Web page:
And all those years Cal had looked at it and known what a fraud it was and he was and cut hair so you looked as if you’d been blown dry by a Kansas twister and combed by a maniac wheat harvester run amok.
I turned the photograph over and reached down into the barrel, trying to find Scott Joplin’s decapitated and missing part.
I knew I would not find it.
Someone had taken it.
And whoever had peeled it off the photo had telephoned and sent a message to Cal. You are known! You are naked! You are revealed! I remembered Cal’s phone ringing. And Cal, afraid, refusing to answer.
And coming into his barber shop, what? Two days, three days ago, casually checking the photograph, Cal had been kicked in the gut. With Joplin’s head gone, Cal was gone.
All he could do was Goodwill the barber chair, Salvation Army the tonics, piano me his piano.
I stopped searching. I folded the photograph of Cal without Joplin and went out to watch the landlord broom the hairless tiles.
“Cal,” I said.
The landlord paused his broom.
“Cal didn’t,” I said. “I mean, Cal wouldn’t, I mean, Cal’s still alive?”
“Crud,” said the landlord. “Alive about four hundred miles east of here by now, still owing seven months’ rent.”
Thank God, I thought. I won’t have to tell Crumley about this one. Not now, anyway. Going away isn’t murder, or being murdered.
Going east? Isn’t Cal a dead man, driving a car?
I went out the door.
“Boy,” said the landlord. “You look bad coming and going.”
Not as bad as some people, I thought.
Where do I go now? I wondered, now that the smile is there, filling up my bed-sitting-room and me only able to play an Underwood Standard?
The gas station telephone rang at two-thirty that afternoon. Exhausted by no sleep the night before, I had gone back to bed.
I lay listening.
The phone wouldn’t stop.
It rang for two minutes and then three. The more it rang, the colder I got. By the time I lunged out of bed and floundered into my bathing trunks and trudged across the street, I was shuddering like someone in a snowstorm.
When I lifted the receiver, I could feel Crumley a long way off at the far end, and without his speaking I could guess his news.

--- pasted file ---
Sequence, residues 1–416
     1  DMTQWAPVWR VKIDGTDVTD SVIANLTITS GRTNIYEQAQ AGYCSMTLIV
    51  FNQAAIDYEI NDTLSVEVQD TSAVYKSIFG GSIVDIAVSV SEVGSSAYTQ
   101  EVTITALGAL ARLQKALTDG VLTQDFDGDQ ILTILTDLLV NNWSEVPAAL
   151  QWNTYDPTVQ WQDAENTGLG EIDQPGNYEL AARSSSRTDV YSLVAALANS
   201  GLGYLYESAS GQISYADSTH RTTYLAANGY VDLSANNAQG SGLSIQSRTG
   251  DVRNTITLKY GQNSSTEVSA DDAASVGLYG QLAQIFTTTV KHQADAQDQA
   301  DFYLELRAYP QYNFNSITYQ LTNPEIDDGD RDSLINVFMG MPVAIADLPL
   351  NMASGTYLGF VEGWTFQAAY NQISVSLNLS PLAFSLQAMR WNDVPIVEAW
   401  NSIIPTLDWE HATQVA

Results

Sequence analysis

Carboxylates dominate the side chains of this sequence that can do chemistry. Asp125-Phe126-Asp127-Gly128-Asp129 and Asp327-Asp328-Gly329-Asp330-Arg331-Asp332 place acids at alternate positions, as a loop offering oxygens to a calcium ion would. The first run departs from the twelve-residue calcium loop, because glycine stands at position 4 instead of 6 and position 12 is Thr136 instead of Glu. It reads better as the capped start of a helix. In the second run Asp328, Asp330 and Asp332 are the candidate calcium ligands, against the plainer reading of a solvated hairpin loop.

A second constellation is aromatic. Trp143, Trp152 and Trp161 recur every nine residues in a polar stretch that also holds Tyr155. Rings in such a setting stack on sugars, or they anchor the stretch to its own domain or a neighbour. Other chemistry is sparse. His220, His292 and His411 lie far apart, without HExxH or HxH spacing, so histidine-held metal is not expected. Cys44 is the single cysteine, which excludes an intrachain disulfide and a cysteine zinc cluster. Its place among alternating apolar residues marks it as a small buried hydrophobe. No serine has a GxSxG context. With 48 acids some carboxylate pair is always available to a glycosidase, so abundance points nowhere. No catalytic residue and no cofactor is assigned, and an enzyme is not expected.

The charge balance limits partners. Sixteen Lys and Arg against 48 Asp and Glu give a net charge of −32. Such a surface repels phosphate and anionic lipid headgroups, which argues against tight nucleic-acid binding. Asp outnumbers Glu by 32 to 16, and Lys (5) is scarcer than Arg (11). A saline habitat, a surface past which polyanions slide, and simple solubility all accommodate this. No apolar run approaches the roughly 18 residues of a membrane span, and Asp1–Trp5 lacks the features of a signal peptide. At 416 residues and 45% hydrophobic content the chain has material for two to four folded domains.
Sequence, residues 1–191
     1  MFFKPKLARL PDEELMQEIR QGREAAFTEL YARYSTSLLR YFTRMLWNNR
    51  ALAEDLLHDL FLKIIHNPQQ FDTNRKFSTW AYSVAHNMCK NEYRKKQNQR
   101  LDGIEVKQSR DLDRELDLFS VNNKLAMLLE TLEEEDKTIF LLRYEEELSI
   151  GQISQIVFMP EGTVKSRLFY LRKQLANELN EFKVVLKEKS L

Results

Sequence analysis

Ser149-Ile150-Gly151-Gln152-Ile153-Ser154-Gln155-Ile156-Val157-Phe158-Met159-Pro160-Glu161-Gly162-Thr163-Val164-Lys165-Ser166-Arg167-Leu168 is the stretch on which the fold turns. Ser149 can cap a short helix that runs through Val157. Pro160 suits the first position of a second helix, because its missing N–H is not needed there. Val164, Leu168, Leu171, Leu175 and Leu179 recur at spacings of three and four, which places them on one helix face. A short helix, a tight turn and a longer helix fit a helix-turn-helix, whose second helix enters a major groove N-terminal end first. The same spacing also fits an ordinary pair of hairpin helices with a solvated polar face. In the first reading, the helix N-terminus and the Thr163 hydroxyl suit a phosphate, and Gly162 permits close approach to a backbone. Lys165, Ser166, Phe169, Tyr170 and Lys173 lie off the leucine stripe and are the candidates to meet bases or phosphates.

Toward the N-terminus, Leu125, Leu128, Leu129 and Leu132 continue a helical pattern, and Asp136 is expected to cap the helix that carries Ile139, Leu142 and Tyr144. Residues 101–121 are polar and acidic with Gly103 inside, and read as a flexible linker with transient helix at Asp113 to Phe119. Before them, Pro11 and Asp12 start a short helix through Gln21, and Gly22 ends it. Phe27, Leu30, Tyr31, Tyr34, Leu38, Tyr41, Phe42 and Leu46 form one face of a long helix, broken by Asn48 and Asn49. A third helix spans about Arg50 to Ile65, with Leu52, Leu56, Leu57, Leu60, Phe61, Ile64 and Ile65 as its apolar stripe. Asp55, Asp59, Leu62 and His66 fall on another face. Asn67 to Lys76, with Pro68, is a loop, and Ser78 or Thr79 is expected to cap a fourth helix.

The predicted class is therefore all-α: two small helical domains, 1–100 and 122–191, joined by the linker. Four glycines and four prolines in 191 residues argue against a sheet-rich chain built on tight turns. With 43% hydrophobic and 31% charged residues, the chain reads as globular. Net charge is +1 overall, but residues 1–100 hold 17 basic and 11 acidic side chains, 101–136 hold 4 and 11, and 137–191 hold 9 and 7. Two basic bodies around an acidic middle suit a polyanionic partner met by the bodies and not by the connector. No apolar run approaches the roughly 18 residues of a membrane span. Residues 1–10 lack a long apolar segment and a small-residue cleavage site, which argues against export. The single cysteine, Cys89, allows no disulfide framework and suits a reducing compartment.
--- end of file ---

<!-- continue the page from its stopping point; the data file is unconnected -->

“It’s happened, hasn’t it?” I said.
“How did you know?” Crumley sounded as if he had been up all night, too.
“What made you go by there?” I asked.
“While I was shaving an hour ago, I had a hunch, Jesus, like the ones you talk about. I’m still here, waiting for the coroner. You coming by to say I told you so?”
“No, but I’ll be there.”
I hung up.
Back in my apartment, Nothing still hung on the hall door leading to the bathroom. I yanked it off the door, hurled it to the floor, and stepped on it. It seemed only right, since it had gone off during the night to visit the canary lady and come back without telling me, just before dawn.
Christ, I thought, standing numbly on the bathrobe, all the cages are empty now!
Crumley stood on one side of the Lower Nile, the dry riverbed. I stood on the other. One police car and the morgue van were waiting downstairs.
“You’re not going to like this,” said Crumley.
He paused, waiting for me to nod him to pull back the sheet. I said, “Did you call me in the middle of the night?”
Crumley shook his head.
“How long has she been dead?”
“We figure about eleven hours.”
I ran my thoughts back. Four in the morning. When the phone had rung across the street in the night. When Nothing had called to tell me something. If I had run to answer, a cold wind would have blown out of the receiver to tell me this.
I nodded. Crumley pulled back the sheet.
The canaries-for-sale lady was there and not there. Part of her had fled in the dark. What was left was terrible to see.
Her eyes were fixed on some dreadful Nothing, the thing on the top of my hall door, the invisible weight at the end of my bed. The mouth that had once whispered open, saying, come up, come in, welcome, was now gaped in shock, in protest. It wanted something to go away, get out, not stay!
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